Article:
# Bioheat equation

### From Thermal-FluidsPedia

Heat transfer in living tissue can be considered as heat conduction with internal heat generation from two sources: metabolic heat generation and blood perfusion. The former results from a series of chemical reactions that occur in the living cells, while the latter is due to energy exchange between the living tissue and blood flowing in the small capillaries. If the heat transfer in a tissue can be considered as one-dimensional and the thermal conductivity of the tissue is assumed to be independent from temperature, the energy equation for living tissue can be obtained by

where *q*'''_{m} and *q*'''_{b} are the rate of metabolic heat generation and blood perfusion, respectively. Equation (1) is generalized for Cartesian (*s* = *x*,*A*(*s*) = const), cylindrical (*s* = *r*,*A*(*s*) = *r*), and spherical (*s* = *r*,*A*(*s*) = *r*^{2}) coordinate systems. The internal heat generation due to blood perfusion can be obtained by

where ω is the blood perfusion rate – defined as volume flow rate of blood flow per unit volume of the tissue, ρ_{b} is the density of blood, *c*_{pb} is the specific heat of blood under constant pressure, and *T*_{a} is the blood temperature. Depending on whether the blood temperature is higher than the tissue temperature, the internal heat generation obtained from eq. (2) can be either positive (*T*_{a} > *T*) or negative (*T*_{a} < *T*).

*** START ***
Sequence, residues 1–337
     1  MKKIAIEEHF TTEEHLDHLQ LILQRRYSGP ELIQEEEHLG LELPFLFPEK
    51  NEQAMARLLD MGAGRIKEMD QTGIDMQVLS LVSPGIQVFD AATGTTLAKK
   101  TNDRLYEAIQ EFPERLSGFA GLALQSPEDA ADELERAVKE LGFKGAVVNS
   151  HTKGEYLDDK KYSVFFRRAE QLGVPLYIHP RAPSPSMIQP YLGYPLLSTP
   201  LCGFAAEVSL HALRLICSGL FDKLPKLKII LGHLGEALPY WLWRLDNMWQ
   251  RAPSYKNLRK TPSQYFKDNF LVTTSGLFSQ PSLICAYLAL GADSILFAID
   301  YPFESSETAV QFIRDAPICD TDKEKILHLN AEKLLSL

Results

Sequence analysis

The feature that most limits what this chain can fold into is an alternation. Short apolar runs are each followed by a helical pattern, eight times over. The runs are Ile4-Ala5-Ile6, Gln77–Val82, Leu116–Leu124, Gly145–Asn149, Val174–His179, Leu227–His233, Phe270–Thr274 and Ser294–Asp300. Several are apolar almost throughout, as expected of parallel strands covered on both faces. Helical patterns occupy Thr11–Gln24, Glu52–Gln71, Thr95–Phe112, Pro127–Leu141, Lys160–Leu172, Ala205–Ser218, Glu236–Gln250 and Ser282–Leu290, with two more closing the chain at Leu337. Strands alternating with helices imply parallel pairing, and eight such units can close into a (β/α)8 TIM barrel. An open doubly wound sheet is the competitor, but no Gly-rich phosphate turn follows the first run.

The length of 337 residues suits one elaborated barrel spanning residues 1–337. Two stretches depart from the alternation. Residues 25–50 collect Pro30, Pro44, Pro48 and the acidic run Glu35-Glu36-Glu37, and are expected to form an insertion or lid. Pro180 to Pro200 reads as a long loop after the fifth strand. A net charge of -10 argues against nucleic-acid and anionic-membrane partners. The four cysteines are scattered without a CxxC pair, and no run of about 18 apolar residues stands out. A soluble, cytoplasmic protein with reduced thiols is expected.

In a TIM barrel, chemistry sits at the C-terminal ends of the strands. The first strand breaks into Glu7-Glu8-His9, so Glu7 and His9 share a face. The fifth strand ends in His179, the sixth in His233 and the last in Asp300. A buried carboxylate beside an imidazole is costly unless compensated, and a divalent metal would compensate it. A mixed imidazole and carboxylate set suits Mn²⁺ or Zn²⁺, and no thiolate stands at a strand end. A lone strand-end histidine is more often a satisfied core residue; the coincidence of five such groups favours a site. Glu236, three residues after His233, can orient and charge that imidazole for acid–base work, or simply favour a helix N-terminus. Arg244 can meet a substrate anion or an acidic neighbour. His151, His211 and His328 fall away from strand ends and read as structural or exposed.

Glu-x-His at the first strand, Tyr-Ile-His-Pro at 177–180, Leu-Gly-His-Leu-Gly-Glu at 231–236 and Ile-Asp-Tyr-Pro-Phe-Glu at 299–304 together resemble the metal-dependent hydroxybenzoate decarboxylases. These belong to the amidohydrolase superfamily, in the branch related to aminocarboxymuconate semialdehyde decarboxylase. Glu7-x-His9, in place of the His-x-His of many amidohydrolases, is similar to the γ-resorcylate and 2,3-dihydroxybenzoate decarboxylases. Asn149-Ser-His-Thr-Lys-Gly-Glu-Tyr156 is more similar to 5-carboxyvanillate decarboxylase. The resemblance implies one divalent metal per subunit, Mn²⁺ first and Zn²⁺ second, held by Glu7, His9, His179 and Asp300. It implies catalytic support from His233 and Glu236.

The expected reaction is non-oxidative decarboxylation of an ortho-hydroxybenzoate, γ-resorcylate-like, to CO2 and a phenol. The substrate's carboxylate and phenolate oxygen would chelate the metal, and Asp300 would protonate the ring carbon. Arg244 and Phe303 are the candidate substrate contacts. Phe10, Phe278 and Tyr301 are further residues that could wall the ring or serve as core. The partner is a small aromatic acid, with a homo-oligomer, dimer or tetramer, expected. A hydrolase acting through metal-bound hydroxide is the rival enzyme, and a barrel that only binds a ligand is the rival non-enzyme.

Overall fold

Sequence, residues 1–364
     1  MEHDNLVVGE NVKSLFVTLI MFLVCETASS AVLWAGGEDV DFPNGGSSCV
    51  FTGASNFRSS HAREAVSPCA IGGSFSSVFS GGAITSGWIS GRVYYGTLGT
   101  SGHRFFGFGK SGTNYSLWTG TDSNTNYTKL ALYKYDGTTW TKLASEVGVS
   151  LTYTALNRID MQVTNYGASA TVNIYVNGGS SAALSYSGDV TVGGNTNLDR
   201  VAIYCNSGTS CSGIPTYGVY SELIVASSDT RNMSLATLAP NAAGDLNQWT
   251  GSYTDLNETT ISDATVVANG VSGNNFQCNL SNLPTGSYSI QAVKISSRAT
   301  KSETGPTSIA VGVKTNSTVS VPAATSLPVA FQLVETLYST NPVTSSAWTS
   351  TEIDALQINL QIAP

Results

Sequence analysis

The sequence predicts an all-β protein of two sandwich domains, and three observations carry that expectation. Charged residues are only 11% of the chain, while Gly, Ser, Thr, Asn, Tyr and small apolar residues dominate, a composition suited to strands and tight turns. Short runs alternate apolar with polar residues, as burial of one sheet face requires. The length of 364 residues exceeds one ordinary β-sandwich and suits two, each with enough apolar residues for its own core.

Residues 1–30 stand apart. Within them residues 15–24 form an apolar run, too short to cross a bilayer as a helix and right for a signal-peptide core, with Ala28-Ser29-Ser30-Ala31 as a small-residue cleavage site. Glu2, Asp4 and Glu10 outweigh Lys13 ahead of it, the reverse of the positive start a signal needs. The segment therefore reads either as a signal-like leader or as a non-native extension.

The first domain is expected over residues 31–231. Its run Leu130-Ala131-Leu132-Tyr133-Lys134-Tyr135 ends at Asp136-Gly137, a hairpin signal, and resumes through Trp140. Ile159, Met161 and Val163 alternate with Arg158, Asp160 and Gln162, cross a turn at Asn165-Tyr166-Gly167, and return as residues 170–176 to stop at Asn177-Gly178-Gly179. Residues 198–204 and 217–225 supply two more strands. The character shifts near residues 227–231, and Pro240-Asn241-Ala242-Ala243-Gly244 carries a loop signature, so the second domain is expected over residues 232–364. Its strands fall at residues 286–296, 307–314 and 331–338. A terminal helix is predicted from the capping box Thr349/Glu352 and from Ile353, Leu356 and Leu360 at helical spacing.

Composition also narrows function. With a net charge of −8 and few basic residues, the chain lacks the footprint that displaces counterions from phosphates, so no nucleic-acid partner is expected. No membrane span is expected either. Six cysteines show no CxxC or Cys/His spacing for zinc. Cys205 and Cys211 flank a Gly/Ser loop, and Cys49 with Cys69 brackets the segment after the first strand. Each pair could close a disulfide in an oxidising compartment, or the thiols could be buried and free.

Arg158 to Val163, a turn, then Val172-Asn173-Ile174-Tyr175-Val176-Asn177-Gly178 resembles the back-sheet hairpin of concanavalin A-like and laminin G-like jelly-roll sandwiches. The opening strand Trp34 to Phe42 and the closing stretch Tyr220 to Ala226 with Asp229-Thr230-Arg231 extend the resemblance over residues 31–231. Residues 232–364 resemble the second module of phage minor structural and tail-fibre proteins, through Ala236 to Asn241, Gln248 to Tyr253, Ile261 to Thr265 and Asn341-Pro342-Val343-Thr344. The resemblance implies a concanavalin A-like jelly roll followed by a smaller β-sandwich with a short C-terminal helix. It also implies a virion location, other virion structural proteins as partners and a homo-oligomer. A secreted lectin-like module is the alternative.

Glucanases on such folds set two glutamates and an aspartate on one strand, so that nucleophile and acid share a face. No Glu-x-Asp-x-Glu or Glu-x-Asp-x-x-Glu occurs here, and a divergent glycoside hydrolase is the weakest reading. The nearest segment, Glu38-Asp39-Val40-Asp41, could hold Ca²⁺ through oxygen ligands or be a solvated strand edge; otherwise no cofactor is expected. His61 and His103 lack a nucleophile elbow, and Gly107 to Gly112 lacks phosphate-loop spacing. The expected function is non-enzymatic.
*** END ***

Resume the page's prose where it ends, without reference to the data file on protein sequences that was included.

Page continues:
Substituting eq. (2) into eq. (1), the energy equation for the tissue becomes

which is nonhomogeneous due to the presence of metabolic heating and blood perfusion. The above equation can be rearranged into

If the blood temperature and the internal heat generation due to metabolic heating are constant, eq. (3) can be homogenized by introducing the following excess temperature

i.e.,

where

Equation (5) is identical to the energy equation for extended surface and therefore, the solution for heat conduction from an extended surface can be readily applied to the solution of the bioheat equation.

For different parts of the body, the generalized bioheat equation (5) can be changed to different forms. For the tissue with thickness much less than its curvature radius, the tissue can be treated as a plane wall and eq. (5) becomes

If the effects of curvature need to be considered, eq. (5) can be rewritten for cylindrical or spherical coordinate systems, i.e.,

The bioheat equation in different coordinate systems can be solved with appropriate boundary conditions.

## References

Faghri, A., Zhang, Y., and Howell, J. R., 2010, *Advanced Heat and Mass Transfer*, Global Digital Press, Columbia, MO.